WL 906220, at *1 n.1 (M.D.N.C. Mar. 7, 2014) (unpublished) (“A
party should not expect a court to do the work that it elected not
Simply put, Plaintiff’s third assignment of error fails as a
matter of law.
4. Medicaid Disability Decision
In Plaintiff’s fourth issue on review, he faults the ALJ for
failing to evaluate and weigh the “February 21, 2013” decision of
The record before the Court reflects that, although Plaintiff visited the
Lincoln Community Health Center on multiple occasions in 2011 and 2012 (see Tr.
564-91, 616-30), Dr. Ray treated Plaintiff on only one occasion on April 19, 2012
(see Tr. 623-26). Thus, doubt exists whether, at the time Dr. Ray prepared the
opinion(s) in question, she would qualify as a treating physician under the
regulations. See 20 C.F.R. §§ 404.1527(c)(i), 416.927(c)(i) (“When the treating
source has seen [a claimant] a number of times and long enough to have obtained
a longitudinal picture of [the claimant’s] impairment, [the Social Security
Administration] will give the source’s opinion more weight then [the
Administration] would give it if it were from a nontreating source.”).
the NCDHHS (“Medicaid decision”) “reversing an earlier unfavorable
decision and finding [Plaintiff] disabled for Medicaid purposes
. . . .”
(Docket Entry 13 at 4 (emphasis added); see also Docket
Entry 17 at 1-2 (citing Social Security Ruling 06-03p, Titles II
and XVI: Considering Opinions and Other Evidence From Sources Who
Considering Decisions on Disability by Other Governmental and
Nongovernmental Agencies, 2006 WL 2329939, at *6 (Aug. 9, 2006)
(providing that “evidence of a disability decision by another
governmental or nongovernmental agency cannot be ignored and must
Plaintiff has expressed certainty that the
Medicaid “decision . . . was bar-coded and faxed into the Social
Security record,” but has reported that he could not locate the
decision in the record.
(Docket Entry 13 at 4.)
that “[t]he significance of the [Medicaid decision] is that it was
Security Administration is not bound by the [Medicaid decision]
. . . .”
(Id. (emphasis in original.)
These arguments do not
demonstrate grounds for reversal or remand.
As an initial matter, the NCDHHS issued the Medicaid decision
on February 21, 2014, not February 21, 2013 as Plaintiff alleges.
typewritten date of February 21, 2013, with a handwritten “4”
marked over the “3”); see also Tr. 411 (cover letter dated February
26, 2014, signed by Plaintiff’s attorney, and addressed to the
Appeals Council indicating that he enclosed “[t]he February 21,
2014 favorable decision of the [NCDHHS]” (emphasis added)).) Thus,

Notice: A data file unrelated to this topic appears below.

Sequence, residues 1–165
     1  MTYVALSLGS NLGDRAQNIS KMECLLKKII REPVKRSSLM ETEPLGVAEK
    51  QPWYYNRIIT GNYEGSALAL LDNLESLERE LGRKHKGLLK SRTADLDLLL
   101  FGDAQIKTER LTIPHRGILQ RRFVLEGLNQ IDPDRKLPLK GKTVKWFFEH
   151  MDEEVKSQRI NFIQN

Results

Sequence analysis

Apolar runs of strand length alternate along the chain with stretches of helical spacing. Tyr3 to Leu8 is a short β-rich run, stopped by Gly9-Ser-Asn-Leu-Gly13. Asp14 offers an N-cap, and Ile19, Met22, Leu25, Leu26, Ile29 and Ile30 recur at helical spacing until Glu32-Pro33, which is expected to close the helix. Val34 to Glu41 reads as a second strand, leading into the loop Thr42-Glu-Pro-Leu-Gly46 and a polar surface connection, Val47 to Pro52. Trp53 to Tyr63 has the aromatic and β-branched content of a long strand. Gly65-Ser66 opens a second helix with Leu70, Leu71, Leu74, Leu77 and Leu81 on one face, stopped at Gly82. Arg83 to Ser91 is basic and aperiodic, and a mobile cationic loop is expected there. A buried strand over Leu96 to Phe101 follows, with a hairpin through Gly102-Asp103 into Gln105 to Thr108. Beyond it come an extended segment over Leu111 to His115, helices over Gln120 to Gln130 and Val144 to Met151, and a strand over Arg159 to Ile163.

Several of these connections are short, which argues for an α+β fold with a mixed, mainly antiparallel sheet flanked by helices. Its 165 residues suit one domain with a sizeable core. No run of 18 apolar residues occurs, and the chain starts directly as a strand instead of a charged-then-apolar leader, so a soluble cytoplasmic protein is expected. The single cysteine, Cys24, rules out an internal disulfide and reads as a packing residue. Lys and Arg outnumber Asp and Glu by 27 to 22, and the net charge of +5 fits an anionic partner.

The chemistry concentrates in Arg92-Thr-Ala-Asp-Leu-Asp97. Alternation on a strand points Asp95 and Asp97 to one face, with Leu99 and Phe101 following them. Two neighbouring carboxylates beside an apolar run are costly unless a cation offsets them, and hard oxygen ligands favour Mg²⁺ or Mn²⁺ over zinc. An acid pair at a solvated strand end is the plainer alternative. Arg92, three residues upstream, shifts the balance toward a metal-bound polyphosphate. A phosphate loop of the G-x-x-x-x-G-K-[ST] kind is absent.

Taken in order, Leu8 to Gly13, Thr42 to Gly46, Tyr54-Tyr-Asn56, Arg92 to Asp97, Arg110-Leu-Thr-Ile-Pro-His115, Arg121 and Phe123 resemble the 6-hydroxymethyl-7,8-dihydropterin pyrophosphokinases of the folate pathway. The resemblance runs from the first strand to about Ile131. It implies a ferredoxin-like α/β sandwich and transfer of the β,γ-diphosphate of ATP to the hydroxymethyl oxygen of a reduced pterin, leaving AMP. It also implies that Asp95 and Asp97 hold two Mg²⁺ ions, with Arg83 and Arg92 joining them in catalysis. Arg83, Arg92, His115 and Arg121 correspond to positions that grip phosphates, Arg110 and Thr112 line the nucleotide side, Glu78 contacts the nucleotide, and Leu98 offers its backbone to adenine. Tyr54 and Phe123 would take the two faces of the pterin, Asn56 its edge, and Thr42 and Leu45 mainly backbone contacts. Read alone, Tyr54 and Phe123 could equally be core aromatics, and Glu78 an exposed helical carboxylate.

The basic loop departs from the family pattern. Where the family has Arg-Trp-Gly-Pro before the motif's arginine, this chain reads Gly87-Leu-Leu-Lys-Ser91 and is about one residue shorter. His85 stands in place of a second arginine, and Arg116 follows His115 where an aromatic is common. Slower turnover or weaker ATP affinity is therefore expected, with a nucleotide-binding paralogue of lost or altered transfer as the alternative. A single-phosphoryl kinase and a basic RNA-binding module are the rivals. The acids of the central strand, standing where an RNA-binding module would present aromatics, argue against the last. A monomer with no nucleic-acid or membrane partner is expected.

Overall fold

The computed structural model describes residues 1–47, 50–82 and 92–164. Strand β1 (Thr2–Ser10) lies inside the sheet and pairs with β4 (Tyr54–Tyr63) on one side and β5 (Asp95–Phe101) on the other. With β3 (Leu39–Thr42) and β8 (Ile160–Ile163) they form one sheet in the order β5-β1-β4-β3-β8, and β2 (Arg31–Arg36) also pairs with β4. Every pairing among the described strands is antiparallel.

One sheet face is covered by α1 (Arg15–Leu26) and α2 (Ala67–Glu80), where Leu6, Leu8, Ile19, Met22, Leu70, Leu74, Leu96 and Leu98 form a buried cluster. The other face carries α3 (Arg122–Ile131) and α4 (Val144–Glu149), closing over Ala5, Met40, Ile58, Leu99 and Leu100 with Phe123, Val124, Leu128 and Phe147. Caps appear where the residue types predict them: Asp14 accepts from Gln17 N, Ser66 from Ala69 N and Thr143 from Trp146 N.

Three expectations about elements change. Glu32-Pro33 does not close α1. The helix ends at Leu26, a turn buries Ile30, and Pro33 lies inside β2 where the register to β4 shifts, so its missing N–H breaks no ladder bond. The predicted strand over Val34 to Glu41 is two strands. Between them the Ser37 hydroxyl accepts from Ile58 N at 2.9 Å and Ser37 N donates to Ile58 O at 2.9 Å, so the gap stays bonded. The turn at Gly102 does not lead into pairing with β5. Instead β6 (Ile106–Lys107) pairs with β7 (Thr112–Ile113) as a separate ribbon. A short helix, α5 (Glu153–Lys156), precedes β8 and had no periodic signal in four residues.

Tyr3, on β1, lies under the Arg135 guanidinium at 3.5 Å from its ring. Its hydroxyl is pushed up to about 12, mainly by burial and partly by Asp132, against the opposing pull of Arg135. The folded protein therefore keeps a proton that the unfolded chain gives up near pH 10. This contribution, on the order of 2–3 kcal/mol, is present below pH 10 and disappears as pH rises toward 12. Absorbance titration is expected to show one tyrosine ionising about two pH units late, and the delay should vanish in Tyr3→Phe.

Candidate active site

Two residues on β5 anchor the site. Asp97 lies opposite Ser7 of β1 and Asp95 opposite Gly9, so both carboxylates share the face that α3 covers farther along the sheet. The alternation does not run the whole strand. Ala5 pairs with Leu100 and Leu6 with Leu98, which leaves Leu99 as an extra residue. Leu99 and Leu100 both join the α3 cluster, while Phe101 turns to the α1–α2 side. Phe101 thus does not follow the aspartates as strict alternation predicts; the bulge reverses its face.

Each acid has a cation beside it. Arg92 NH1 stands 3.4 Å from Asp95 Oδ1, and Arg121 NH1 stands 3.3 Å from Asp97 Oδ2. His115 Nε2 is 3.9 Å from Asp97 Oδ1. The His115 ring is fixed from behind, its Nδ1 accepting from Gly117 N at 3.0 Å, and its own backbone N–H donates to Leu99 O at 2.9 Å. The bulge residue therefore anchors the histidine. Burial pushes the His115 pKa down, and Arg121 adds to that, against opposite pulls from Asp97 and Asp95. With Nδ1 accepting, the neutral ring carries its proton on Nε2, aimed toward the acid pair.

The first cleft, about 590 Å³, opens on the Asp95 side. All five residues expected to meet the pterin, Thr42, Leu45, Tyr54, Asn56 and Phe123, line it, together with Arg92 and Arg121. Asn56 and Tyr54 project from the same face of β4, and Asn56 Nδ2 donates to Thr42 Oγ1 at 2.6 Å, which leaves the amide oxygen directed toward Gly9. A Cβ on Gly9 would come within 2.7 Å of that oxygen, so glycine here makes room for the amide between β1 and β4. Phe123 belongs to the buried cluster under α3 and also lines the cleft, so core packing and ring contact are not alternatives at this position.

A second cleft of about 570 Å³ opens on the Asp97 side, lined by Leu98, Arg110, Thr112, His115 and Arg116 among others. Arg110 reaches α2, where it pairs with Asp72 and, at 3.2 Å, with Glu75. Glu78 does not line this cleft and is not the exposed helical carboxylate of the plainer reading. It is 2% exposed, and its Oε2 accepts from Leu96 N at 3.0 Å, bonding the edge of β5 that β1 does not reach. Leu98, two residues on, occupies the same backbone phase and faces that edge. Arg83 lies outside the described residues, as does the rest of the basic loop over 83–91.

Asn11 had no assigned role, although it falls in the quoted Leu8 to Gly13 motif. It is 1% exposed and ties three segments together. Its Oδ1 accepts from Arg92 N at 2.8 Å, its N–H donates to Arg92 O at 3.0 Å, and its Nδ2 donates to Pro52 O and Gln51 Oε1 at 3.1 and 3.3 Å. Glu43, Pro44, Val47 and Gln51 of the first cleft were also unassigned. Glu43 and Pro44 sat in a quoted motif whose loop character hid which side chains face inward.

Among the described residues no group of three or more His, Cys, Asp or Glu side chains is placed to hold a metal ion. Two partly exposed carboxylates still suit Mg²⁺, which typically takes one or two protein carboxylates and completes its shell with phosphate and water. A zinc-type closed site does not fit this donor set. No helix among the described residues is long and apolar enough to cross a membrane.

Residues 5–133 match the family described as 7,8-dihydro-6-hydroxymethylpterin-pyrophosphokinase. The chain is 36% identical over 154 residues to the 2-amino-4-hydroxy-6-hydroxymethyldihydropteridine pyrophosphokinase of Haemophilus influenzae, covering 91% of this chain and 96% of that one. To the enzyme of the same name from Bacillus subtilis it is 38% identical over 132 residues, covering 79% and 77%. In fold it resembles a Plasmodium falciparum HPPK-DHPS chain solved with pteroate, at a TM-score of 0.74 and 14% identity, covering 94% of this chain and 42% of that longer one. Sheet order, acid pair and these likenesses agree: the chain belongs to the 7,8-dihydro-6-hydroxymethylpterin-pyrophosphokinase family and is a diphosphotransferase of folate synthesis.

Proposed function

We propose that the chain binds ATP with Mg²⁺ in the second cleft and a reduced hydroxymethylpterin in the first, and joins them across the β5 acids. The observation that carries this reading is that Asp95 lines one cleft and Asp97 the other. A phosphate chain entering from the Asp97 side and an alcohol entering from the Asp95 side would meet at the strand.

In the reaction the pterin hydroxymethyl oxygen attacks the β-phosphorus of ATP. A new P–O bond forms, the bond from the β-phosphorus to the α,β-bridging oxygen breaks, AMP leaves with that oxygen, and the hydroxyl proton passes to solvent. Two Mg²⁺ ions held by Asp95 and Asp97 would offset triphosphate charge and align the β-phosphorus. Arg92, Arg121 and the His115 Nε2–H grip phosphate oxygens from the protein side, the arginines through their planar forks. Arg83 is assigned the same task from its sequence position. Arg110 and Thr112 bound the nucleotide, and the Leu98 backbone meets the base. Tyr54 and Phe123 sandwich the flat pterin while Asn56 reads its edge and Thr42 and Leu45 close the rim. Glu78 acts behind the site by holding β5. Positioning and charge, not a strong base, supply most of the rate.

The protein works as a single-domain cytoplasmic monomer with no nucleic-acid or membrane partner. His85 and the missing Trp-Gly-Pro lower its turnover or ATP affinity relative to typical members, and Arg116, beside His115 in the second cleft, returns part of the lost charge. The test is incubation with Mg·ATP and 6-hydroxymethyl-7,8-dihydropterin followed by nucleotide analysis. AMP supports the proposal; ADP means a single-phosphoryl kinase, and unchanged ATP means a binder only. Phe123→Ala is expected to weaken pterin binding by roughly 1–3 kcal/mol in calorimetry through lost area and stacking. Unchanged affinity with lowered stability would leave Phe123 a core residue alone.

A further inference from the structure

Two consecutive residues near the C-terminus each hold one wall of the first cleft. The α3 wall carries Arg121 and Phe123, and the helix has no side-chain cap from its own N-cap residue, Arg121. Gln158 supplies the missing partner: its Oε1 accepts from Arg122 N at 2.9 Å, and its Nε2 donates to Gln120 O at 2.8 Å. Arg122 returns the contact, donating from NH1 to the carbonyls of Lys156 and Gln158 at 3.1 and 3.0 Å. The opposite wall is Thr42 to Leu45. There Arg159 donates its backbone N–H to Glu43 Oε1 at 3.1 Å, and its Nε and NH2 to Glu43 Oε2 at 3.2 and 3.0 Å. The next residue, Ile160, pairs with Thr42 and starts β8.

the ALJ could not have discussed or weighed the Medicaid decision,
as that decision post-dated the ALJ’s July 24, 2013 decision by
nearly six months.
Moreover, the order of the Appeals Council
denying review makes clear that the Appeals Council considered the
Medicaid decision and incorporated it into the record (see Tr. 11,
15, 416-21), but “found that this information does not provide a
basis for changing the [ALJ’s] decision” (Tr. 12).
Plaintiff makes no argument that the Medicaid decision constitutes
new and material evidence before the Appeals Council that rendered
the ALJ’s decision unsupported by substantial evidence.
Docket Entry 13; see also Docket Entry 17.)13
In sum, no error occurred in connection with the Medicaid
Defendant argues that, “even if the Medicaid decision had been submitted into
the record and considered by the ALJ and/or the Appeals Council, it would not
direct a different outcome” because “‘[t]he record did not contain any indication
of what medical evidence the . . . Medicaid decision was based upon[, and] [t]hus
. . . did not provide substantial evidence of  Plaintiff’s alleged
disability.’” (Docket Entry 16 at 18 n.2 (quoting Lail v. Colvin, No. 5:13-cv00089-MR-DLH, 2014 WL 4793234, at *6 (W.D.N.C. Sept. 25, 2014) (unpublished)).)
Although the Medicaid decision contains a summary recitation of the evidence in
the record before the NCDHHS, that recitation makes clear that the NCDHHS
considered evidence from the latter half of 2013 and 2014 that the ALJ here did
not consider, as well as testimony from unidentified witnesses which may have
differed from the testimony before the ALJ. (See Tr. 416-18.) Thus, should the
Court reach the issue, like Lail, the Court should find that the Medicaid
decision does not render the ALJ’s decision unsupported by substantial evidence.
5. Combined Effect of Impairments
Lastly, Plaintiff contends that the ALJ neglected to evaluate
the combined effect of all of Plaintiff’s impairments.
Entry 13 at 4.)
Plaintiff maintains that “[o]ne gets a wrong
impression of [Plaintiff] by looking at his various ailments and
historical events alone and isolated, out of context.”
According to Plaintiff, “the December 4, 2012 letter of Kimberli
Johnson at Alliance Behavioral Healthcare in Durham pretty much
says it all” and “is as fine a picture of [Plaintiff] as we have
anywhere, down to the slurred speech referenced in and in evidence
at the June 13, 213 ALJ hearing.”
(Id. (citing Tr. 689-90).)
Plaintiff’s contentions fail.
A well-reasoned decision from a neighboring court addresses an
ALJ’s obligation to consider the combined effect of a claimant’s
When dealing with a claimant with multiple impairments,
the Commissioner “must consider the combined effect of a